Which lab tests may be indicated in the diagnosis of acute pericarditis based on suspected etiology?

Updated: Apr 02, 2019
  • Author: Sean Spangler, MD; Chief Editor: Terrence X O'Brien, MD, MS, FACC  more...
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Answer

Further laboratory workup may be clinically indicated, as follows:

  • Blood and/or viral cultures

  • Tuberculosis skin testing and/or tuberculin sputum testing for acid-fast bacilli (AFB) can be used if the illness exceeds 1 week duration. The ESC 2004 guideline also recommends obtaining mycobacterium culture or radiometric growth detection (eg, BACTEC-460), adenosine deaminase (ADA), interferon (IFN)-gamma, and pericardial lysozyme, in addition to polymerase chain reaction (PCR) analyses of tuberculosis. [32]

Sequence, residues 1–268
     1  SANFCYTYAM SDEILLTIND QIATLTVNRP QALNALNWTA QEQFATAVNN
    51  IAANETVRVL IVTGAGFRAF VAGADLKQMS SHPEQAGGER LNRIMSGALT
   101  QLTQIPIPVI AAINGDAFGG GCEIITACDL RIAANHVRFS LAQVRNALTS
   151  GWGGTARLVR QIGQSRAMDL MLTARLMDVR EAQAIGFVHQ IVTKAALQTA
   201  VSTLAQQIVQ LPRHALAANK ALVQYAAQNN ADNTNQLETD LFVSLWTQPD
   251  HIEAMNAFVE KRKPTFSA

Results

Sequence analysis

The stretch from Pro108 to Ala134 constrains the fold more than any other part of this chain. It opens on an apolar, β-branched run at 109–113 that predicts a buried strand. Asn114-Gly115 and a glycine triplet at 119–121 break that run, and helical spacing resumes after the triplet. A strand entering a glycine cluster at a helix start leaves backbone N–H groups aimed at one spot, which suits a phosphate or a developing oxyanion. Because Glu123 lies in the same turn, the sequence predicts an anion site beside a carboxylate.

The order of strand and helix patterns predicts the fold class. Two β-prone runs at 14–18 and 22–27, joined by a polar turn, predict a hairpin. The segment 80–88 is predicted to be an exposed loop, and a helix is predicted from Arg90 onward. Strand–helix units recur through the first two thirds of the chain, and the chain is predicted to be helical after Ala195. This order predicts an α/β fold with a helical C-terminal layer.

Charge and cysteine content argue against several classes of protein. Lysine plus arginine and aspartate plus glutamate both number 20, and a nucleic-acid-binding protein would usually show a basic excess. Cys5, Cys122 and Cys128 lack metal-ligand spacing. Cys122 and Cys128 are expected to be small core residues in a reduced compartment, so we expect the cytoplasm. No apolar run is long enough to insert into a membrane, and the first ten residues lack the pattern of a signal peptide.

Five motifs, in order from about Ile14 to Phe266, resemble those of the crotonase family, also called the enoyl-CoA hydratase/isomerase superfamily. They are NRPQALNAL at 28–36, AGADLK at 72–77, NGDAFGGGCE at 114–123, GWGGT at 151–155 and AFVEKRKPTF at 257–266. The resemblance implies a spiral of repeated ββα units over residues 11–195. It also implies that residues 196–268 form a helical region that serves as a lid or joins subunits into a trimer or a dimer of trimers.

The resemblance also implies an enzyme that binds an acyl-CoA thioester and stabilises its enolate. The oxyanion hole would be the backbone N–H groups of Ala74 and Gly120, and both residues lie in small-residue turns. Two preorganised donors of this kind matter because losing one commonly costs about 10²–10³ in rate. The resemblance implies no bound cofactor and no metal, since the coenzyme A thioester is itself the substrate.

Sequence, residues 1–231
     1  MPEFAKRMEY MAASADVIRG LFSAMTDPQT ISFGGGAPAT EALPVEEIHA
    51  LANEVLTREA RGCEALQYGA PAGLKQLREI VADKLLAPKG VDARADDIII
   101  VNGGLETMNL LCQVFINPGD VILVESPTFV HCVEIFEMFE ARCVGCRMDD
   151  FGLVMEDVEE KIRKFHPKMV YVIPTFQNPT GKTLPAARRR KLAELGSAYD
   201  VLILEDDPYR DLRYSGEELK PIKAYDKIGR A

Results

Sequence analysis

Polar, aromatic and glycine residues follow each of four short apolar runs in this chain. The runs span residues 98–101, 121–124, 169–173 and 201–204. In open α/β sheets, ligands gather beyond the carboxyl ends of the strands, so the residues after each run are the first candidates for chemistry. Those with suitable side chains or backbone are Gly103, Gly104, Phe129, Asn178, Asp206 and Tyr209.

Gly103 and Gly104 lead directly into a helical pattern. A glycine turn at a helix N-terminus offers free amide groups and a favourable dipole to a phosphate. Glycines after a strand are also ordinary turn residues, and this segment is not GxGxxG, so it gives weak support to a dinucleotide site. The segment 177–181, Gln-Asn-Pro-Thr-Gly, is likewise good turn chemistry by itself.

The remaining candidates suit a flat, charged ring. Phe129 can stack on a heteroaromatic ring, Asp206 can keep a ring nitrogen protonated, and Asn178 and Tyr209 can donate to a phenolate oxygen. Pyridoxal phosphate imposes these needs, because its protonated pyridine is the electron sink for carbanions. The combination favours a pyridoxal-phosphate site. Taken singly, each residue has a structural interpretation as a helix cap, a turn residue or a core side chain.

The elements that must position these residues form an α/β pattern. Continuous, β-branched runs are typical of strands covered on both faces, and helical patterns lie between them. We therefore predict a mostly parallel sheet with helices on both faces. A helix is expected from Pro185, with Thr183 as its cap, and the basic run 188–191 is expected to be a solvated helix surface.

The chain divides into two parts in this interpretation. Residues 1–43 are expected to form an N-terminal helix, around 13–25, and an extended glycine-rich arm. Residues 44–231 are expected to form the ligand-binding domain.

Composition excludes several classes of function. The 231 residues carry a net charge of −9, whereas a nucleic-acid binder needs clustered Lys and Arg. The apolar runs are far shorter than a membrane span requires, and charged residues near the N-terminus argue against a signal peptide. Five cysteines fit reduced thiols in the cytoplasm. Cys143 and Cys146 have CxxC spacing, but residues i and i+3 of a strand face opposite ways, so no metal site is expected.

• Antistreptolysin titer

  • Rheumatoid factor (RF), antinuclear antibody (ANA), and anti-DNA values, particularly if the illness is prolonged or severe

  • Thyroid function in patients with large pericardial effusion

  • The ESC 2004 guideline on the diagnosis and management of pericardial diseases recommends pericardial fluid or pericardial or epicardial biopsy analyses to confirm diagnosis of malignant pericardial disease. The guideline states that at least 3 cultures of pericardial fluid for aerobes and anaerobes, as well as blood cultures, are mandatory in cases of suspected bacterial infection. [32]

  • Human immunodeficiency virus (HIV) testing


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